Schools chancellor releases ‘Reimagining Special Education’ report as city works to make public schools more inclusive

public schools chancellor david c. banks at special education announcement
New York City Department of Education Chancellor David Banks announced the completion of the “Reimagining Special Education” report in Sunset Park on Wednesday.
Photo by Paul Frangipane

Schools Chancellor David C. Banks stopped by a Sunset Park school on Wednesday to announce the completion of “Reimagining Special Education” — the first official report from the newly-formed New York City Public Schools Special Education Advisory Council.

The council, first announced in December 2022, spent its first year analyzing the current state of special education in New York City and identifying gaps in services and programming, Banks told guests gathered at P.S. 958.

The council made five key recommendations, urging the city’s Department of Education to be “fully inclusive and interdependent,” to restructure general education classes, and to strengthen trust between schools and families, among others.

people at special education announcement in school auditorium
New York City Public Schools are already acting on the recommendations issued in the report, Banks said. Photo by Paul Frangipane

In response to the report, New York City Public Schools expanded a partnership to improve the Individualized Education Program Parent Member role, added programming for students with autism in neighborhood schools, and released a new inclusive language glossary.

The biggest focus, Banks said, is getting kids the support they need close to home.

“For far too long families with disabilities have struggled to find high-quality programs that were close to home,” the chancellor said, stressing that the city will add 160 kindergarten seats across relevant programs such as Nest, Horizon and AIMS, in districts 5, 12 and 14.

Parent Sarahi Orial Mendez said the AIMS program — a special education program in select District 75 schools that serves some students with autism by using Applied Behavior Analysis and Verbal Behavior techniques — has done wonders for her son, Matthew.

Mendez said she had a hard time finding an appropriate school for Matthew, who didn’t start walking until he was four years old. Eventually, he was accepted into the AIMS program at P.S. 958, which his brother also attends.

“Since beginning the AIMS program, Matthew has made a lot of progress. He is able to walk up the stairs by himself, he has learned how to readily move his body and he is moving his fingers more,” she said. “He is becoming more independent.”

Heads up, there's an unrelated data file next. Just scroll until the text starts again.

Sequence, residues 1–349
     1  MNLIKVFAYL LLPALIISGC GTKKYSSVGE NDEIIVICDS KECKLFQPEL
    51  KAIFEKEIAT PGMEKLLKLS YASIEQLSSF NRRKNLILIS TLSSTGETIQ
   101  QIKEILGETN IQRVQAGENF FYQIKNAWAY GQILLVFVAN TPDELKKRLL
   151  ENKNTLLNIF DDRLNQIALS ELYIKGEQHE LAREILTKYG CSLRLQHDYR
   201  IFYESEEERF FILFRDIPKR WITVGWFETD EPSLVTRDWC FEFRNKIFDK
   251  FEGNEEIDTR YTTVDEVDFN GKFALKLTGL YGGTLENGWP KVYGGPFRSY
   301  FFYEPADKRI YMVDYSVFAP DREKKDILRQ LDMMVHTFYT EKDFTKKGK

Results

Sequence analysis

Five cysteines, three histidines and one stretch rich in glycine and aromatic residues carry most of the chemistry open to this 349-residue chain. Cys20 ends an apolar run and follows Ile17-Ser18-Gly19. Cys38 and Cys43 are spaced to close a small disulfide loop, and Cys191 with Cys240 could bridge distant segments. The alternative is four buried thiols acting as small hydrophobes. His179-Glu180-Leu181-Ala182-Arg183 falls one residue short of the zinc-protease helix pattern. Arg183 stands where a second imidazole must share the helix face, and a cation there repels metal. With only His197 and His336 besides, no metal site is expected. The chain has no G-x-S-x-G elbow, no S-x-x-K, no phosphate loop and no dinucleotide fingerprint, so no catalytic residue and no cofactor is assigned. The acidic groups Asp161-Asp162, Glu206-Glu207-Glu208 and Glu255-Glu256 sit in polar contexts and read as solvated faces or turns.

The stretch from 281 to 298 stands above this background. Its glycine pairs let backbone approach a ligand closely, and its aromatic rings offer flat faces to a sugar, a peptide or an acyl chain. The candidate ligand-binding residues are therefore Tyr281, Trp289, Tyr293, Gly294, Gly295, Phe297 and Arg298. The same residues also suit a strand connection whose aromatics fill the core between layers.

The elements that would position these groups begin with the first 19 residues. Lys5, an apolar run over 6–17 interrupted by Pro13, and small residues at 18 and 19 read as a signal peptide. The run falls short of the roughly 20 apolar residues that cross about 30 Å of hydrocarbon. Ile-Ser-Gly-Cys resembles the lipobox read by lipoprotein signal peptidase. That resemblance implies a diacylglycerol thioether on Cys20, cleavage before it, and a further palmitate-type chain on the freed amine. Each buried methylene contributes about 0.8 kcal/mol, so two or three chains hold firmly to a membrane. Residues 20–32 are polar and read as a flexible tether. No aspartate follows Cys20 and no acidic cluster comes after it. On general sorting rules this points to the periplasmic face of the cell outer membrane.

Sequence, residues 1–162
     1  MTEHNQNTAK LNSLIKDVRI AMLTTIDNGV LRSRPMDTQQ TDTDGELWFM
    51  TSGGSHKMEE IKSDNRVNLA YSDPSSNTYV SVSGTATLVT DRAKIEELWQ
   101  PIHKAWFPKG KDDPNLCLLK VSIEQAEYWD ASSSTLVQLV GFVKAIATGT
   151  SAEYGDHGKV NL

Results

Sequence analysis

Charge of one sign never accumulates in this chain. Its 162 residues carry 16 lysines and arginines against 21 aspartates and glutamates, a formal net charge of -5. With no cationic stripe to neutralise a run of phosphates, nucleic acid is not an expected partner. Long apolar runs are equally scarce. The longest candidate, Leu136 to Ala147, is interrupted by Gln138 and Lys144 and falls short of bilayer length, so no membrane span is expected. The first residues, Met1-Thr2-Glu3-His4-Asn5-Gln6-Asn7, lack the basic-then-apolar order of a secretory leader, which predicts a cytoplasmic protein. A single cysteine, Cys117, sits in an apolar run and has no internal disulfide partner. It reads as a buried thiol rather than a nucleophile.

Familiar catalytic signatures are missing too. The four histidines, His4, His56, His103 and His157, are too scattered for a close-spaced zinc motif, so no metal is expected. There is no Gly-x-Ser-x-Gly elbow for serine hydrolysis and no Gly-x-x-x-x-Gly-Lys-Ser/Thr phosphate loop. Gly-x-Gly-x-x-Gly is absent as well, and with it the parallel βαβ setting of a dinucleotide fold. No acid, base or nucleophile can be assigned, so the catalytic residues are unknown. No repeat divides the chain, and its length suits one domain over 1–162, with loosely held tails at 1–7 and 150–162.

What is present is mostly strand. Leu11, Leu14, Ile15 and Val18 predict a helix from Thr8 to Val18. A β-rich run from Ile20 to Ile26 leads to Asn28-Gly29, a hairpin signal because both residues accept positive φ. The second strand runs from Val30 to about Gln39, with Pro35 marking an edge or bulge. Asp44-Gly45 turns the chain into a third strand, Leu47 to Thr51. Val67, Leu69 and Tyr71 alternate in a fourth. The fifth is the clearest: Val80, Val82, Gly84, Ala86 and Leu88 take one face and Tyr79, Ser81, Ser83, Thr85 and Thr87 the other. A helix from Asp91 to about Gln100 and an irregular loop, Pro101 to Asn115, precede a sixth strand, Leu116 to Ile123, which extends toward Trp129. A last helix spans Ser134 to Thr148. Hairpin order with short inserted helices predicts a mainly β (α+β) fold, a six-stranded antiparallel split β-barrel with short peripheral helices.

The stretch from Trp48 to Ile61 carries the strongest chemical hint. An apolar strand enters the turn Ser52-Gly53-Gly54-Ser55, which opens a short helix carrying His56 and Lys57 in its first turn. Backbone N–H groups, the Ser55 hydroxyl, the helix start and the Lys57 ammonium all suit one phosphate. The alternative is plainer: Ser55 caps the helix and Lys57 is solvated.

Since enrolling, Mendez said Matthew is able to better communicate his wants and needs using a tablet. And perhaps most importantly, she said, he is able to go to school with his brother.

booklets for special education program
Educators showed booklets as part of the New York City Department of Education’s Sensory Exploration, Education and Discovery program. Photo by Paul Frangipane

“We want all of our students to learn that all children are equal and that they deserve equal opportunities and that just because they have needs, doesn’t mean they are different or should be separate,” Mendez said. “I feel so lucky that both of my children can go to one school and we don’t have to worry about Matthew traveling.”

Lucy Antoine also praised the Nest program — a partnership between the DOE and New York University’s ASD Nest Support Project that serves students in a reduced class-size Integrated Co-Teaching model.

Dylan stopped communicating completely at 18 months, at which point he was diagnosed with autism. After struggling to find help for him, Antoine said she found the Nest program and was determined to get him in.

“When he walked into Nest, it was like the biggest blessing,” she said. “This boy used to cry every last day of school because he didn’t want the school year to end. These teachers were nurturing, loving, caring.”

After enrolling into the Nest program at P.S. 255 in Homecrest, Antoine said her son “went from non-speaking to valedictorian twice.” Now, he is a sophomore at Brooklyn Technical High School.

“Dylan is thriving,” she said.

Officials hope that, by growing the programs, they will help all students — not just those with individualized needs.

schools chief of special education clapping at announcement
New York City Department of Education Chief of Special Education Christina Foti said the announcement was “just the beginning.” Photo by Paul Frangipane

“Every child in districts 5, 12 and 14, with and without autism, will have greater access to programs and instructional practices that inspire those bright stars pursuing bold futures,” said DOE Chief of Special Education Christina Foti.

Foti and Banks agreed that this is just the beginning for strengthening special education.

“This announcement is just the start, a ripple that will eventually turn into a tidal wave, transforming how students with disabilities and their families navigate our system,” Foti said. “We heard you, we heard you and we’re in this together.”

“If we get this right for our most vulnerable students, we are laying out a blueprint for how to get it right for all students across the entire city and I’m here for it,” Banks said.